The CDS waste collection model is similarly growing overseas, with widespread uptake in North America and Europe. While all CDSs share a common goal, there are multiple implementation models including return to retail, convenience kiosks and large-scale drop-off depots.

Markus Fraval, TOMRA Collections Strategy Director, says most European CDSs operate under a return to retail system. He says this is generally supported by government regulated extended producer responsibility legislation.

“Businesses that sell drink containers are obligated to take the container back in some way, and because it’s so easy, those markets typically achieve 90-per-cent-plus return rates,” he says.

“We commonly employ South Australian style models in Australia, whereby people are required to go out of their way, generally to an industrial area, to return their containers.”

According to Markus, depot models require significant time and organisational commitment from consumers and, as such, are often ineffective. He adds that in lieu of return-to-retail legislation, conveniently positioned reverse vending machine kiosks are a more effective model for Australia.

Markus says despite New South Wales not having the benefit of a return to retail network, the Return and Earn system was designed to be as similar to the European model as possible.

He says this was achieved by positioning reverse vending machine kiosks in shopping centres and supermarket carparks throughout
the state.

“Accessible kiosks allow consumers to participate in the scheme as part of their normal routines and daily habits,” Markus says.

“This provides incentives for positive consumer behavioural change that are not too extreme or inconvenient.”

TOMRA, in a joint venture partnership with Cleanaway, was appointed Return and Earn network operators by the New South Wales Government in 2017.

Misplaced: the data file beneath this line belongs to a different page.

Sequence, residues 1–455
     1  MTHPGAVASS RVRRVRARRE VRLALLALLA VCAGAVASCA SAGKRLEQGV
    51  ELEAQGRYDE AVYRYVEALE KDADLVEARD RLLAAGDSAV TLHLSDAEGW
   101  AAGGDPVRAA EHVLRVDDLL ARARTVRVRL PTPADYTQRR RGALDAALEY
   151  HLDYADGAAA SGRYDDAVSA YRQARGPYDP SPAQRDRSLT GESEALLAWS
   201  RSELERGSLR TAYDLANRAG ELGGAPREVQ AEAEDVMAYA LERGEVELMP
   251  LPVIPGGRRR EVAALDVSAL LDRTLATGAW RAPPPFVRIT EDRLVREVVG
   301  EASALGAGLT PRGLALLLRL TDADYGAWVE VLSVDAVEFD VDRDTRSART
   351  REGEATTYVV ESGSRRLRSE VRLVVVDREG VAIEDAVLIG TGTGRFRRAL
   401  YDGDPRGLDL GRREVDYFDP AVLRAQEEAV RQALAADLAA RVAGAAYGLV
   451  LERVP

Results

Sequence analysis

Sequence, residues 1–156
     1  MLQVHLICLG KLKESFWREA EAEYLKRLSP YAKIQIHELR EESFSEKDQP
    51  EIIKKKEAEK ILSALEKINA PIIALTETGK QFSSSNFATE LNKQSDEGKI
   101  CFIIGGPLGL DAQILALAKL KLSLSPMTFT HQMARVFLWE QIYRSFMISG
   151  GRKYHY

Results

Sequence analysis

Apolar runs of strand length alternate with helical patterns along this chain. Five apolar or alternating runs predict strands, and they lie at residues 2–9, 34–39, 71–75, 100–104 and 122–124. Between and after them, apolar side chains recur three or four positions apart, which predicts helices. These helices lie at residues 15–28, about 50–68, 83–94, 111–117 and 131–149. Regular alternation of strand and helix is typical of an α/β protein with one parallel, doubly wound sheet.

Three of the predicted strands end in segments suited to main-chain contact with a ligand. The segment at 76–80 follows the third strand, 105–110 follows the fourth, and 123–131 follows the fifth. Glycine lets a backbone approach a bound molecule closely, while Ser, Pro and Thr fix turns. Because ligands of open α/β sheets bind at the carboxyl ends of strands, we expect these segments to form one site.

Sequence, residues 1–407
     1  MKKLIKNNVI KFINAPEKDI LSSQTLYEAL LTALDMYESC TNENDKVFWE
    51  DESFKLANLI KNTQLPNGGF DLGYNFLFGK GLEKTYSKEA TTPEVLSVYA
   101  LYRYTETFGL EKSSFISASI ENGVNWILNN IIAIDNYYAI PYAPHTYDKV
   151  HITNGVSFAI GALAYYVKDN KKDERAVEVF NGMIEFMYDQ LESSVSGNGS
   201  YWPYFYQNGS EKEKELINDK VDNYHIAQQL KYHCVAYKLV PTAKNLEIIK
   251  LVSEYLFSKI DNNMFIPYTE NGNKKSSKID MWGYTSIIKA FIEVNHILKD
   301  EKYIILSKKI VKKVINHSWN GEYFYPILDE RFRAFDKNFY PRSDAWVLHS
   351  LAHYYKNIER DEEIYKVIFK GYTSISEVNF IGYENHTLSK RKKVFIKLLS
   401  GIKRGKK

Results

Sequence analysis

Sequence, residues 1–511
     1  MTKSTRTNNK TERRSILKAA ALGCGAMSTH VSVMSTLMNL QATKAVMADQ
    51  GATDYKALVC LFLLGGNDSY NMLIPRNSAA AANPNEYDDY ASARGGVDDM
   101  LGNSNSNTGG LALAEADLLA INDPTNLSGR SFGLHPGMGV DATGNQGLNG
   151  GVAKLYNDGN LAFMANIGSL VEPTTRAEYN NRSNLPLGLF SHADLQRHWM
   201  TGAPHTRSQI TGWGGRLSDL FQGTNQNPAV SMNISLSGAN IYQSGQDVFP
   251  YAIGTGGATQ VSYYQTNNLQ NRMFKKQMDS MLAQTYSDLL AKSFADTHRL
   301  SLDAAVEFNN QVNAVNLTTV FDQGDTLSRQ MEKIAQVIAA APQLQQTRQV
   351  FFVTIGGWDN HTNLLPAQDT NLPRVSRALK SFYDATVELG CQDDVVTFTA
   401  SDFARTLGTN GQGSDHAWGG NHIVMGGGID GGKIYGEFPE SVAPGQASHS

The role incorporates network design, establishing new drop-off facilities and maintaining the
state’s more than 600 existing collection points.

“We know from our experience in over 40 global deposit markets that the big drivers for successful return rates are deposit value or financial incentive, and the level of returning convenience,” Markus says.

He suggests TOMRA’s focus on convenience and access is the reason that in just under two years, 55 per cent of New South Wales residents have participated in the scheme and return rates have been high.

Since commencing on 1 December 2017, Return and Earn has collected more than two billion containers through a combination of TOMRA kiosks and more traditional depot collection points.

“The first billion containers were collected in the first 12 months of the program, with the next billion collected in the following seven months. This suggests the scheme is still accelerating,” Markus says.

“Return and Earn is now averaging well above four million containers per day.”

While reverse vending machine kiosks represent only half of the total collection points in New South Wales, Markus says approximately 80 per cent of all returns come through TOMRA reverse vending machines.

“It is critical for a successful CDS to have a network of small footprint collection points capable of high capacity collections,” he says.

“It’s also important to facilitate an integrated supply chain that spans collections, logistics and processing.”

Markus says while collection quantity is key, CDSs need to operate as efficiently as possible to keep price impacts at a minimum.